Jairus Sharif :: Water And Tools

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Jairus Sharif :: Water And Tools

There’s a moment halfway through “Humility,” the opening track on Jairus Sharif’s Water and Tools, that sounds like the skies opening up. Where harsh, metallic ripples of cold electronic synths were rumbling, the renegade, proclamatory exaltation of Sharif’s saxophone suddenly takes on a warmer, less defiant tone. And the backdrop, too—bright, wooly synths and avian chirps—feels like the arrival of spring as Sharif’s horn elevates with undulating keys—the music pure, joyous, and untethered.

This practice of give and take—the sustained tension and release between free jazz exuberance and industrial drone—feels very much at the core of the Calgary-based composer and multi-instrumentalist’s latest effort. Sharif’s been conjuring one-man séances, at least publicly, since the pandemic summer—releasing four albums under the Q4DB moniker in 2020 and the first album under his own name, Mega Optics, in 2021. But Water and Tools, out this week on Telephone Explosion Records, feels like his boldest statement yet, the culmination of what he’s been working towards these past two years.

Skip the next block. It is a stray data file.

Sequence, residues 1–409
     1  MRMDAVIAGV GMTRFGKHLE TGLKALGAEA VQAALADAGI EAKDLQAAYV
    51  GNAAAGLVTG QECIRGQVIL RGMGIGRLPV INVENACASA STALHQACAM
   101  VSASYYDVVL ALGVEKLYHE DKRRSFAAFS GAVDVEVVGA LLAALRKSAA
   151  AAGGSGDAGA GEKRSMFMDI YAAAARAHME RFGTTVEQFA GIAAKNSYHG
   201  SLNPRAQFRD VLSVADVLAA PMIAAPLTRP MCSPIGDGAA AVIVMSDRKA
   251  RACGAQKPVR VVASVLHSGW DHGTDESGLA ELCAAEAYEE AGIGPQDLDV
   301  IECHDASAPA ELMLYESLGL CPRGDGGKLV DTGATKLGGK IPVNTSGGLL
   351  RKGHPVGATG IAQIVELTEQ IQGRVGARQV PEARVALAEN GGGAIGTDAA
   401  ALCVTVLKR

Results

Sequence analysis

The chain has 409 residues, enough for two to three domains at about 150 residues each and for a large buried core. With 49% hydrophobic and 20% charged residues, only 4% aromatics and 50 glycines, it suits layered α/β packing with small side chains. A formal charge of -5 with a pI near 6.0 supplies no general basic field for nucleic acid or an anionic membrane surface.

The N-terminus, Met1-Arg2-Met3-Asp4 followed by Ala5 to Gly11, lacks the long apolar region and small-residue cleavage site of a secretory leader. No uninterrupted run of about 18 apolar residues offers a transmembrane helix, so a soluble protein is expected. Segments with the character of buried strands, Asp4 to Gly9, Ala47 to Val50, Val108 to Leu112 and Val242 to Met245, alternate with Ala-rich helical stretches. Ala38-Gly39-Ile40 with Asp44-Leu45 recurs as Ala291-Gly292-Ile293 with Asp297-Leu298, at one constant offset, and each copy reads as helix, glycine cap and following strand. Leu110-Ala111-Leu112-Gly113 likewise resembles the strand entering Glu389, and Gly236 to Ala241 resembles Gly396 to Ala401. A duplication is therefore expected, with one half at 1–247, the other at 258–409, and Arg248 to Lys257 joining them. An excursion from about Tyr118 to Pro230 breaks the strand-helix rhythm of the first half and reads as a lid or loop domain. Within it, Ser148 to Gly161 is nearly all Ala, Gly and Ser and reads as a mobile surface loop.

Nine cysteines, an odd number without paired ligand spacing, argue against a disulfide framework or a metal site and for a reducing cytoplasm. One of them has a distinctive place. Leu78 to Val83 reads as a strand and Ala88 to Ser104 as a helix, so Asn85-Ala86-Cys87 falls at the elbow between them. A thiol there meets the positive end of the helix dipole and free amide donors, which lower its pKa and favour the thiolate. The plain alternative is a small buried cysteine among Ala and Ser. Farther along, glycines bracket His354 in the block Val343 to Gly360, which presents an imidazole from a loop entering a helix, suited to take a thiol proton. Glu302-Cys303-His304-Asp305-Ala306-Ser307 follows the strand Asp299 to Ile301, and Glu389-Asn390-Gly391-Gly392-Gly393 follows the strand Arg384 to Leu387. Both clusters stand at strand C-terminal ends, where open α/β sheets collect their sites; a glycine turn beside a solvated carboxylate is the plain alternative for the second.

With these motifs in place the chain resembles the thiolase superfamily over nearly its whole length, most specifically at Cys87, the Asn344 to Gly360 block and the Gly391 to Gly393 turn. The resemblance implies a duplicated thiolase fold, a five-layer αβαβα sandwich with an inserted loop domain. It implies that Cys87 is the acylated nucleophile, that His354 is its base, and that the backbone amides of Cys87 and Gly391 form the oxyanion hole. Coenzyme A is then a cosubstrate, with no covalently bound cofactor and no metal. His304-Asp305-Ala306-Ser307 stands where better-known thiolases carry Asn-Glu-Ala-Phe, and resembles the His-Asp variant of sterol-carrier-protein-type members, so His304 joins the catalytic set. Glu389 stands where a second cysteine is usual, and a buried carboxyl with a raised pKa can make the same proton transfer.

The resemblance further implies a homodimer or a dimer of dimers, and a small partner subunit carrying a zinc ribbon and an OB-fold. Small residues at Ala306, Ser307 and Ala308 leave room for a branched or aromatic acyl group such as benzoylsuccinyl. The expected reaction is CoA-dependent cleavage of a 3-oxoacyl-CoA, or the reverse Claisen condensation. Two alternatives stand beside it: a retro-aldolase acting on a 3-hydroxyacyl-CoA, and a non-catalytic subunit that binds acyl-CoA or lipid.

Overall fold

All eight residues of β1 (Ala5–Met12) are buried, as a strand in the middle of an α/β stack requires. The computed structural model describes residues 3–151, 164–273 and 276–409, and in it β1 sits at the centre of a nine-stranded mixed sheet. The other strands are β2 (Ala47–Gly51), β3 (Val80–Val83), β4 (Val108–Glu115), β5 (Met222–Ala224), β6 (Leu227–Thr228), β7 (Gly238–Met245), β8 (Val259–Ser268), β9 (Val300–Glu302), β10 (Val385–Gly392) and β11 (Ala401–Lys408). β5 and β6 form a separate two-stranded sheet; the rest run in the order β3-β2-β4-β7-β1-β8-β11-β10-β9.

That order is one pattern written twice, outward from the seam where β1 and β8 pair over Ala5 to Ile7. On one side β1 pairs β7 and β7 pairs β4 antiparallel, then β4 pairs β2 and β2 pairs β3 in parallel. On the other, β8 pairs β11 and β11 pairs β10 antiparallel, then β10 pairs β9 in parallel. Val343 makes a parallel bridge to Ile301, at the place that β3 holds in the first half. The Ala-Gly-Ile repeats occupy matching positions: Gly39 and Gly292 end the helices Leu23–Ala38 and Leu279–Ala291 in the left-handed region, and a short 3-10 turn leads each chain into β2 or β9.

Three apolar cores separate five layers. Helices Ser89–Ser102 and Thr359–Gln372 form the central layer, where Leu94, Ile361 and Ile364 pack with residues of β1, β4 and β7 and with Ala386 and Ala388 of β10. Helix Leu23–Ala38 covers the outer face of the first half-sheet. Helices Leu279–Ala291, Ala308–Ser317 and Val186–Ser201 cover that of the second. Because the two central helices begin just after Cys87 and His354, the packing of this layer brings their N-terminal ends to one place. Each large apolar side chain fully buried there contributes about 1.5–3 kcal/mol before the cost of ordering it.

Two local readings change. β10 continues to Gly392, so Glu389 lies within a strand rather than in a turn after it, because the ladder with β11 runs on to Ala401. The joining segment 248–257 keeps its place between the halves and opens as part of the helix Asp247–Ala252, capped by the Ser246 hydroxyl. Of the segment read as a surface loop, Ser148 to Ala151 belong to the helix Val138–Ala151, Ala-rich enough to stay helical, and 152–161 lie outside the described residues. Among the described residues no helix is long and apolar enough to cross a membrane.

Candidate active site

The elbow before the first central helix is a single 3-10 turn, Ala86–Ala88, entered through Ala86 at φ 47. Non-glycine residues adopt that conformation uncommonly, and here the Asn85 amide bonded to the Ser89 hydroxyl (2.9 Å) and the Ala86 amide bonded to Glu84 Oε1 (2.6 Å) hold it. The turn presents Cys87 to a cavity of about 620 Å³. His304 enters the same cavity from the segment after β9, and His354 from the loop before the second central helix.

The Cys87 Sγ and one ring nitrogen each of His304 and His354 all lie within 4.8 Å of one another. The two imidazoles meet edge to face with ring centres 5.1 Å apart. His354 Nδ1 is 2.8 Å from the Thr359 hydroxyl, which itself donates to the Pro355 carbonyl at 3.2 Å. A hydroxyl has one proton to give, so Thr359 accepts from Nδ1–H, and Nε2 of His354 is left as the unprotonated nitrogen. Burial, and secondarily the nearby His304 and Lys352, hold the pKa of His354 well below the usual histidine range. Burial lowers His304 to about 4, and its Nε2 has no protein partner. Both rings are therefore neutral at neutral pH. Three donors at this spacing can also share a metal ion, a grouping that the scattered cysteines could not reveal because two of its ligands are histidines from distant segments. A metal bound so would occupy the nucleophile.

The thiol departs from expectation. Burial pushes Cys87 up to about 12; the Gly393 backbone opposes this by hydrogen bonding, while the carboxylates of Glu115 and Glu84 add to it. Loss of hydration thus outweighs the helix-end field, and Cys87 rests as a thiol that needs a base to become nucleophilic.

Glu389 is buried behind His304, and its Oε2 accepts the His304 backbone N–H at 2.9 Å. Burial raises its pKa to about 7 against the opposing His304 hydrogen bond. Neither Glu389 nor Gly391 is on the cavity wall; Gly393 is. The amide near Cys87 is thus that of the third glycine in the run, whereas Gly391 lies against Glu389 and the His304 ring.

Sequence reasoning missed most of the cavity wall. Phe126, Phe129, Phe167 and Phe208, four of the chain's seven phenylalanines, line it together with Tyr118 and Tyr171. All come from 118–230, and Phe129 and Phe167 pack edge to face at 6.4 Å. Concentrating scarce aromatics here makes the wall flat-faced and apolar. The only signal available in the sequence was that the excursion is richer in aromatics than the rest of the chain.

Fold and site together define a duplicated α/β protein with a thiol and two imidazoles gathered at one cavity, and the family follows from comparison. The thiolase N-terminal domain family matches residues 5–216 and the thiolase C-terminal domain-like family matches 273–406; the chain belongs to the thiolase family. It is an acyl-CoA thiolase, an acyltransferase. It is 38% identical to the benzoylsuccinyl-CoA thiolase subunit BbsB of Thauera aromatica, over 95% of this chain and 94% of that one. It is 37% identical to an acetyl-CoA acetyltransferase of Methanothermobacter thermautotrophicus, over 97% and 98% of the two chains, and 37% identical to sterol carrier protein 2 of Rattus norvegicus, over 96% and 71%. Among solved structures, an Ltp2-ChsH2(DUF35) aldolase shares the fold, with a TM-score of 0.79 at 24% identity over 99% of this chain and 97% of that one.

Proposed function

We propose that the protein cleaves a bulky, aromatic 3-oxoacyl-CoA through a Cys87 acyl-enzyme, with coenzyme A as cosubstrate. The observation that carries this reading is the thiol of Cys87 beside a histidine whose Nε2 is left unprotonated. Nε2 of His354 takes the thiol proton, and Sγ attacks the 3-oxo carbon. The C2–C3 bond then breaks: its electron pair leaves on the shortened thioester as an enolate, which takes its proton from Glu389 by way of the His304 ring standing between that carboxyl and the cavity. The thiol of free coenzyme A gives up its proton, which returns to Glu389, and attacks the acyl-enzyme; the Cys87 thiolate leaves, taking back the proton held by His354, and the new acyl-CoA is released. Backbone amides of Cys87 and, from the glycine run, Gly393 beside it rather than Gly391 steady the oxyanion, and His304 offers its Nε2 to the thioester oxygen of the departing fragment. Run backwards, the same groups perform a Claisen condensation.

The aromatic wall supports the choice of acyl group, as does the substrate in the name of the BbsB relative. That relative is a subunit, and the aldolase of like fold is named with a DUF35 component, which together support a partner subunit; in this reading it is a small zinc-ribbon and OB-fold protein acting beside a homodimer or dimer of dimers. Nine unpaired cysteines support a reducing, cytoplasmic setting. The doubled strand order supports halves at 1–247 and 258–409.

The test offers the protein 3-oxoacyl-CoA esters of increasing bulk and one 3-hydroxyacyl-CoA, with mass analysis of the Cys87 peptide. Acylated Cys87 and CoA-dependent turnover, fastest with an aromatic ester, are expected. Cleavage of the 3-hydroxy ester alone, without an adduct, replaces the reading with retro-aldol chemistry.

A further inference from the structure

Though aided by Maxmilian Turnbull of Badge Epoque Ensemble, Sharif is by and large a one-man band, playing sax and a well-armed cohort of other instruments (one Q4DB release lists alto saxophone, drums & percussion, keyboard, flute & whistle, bell lyre, angklung, sampler, field recordings, and “small instruments”). His sound is radical and reaches out with spiritual resonance and sonic abandon. His exuberant sax has a relentless nocturnal energy, screeching and skronking against droning basslines, pounding percussion, earth-side encounters, and expanses of alien synth. The music, unflinching, jumps from psychedelic passages and moments of classical romanticism to drilling noise and metallic Lynchian discord. Across shuddering rumbles of cold-wave clang, a terrain Sharif calls “future blues,” his horn rages on.

Sharif’s bio reads: “Really just starting to communicate,” and as a voice at the record’s conclusion reflects, “More understanding, more everything.” Bring it on. | c depasquale

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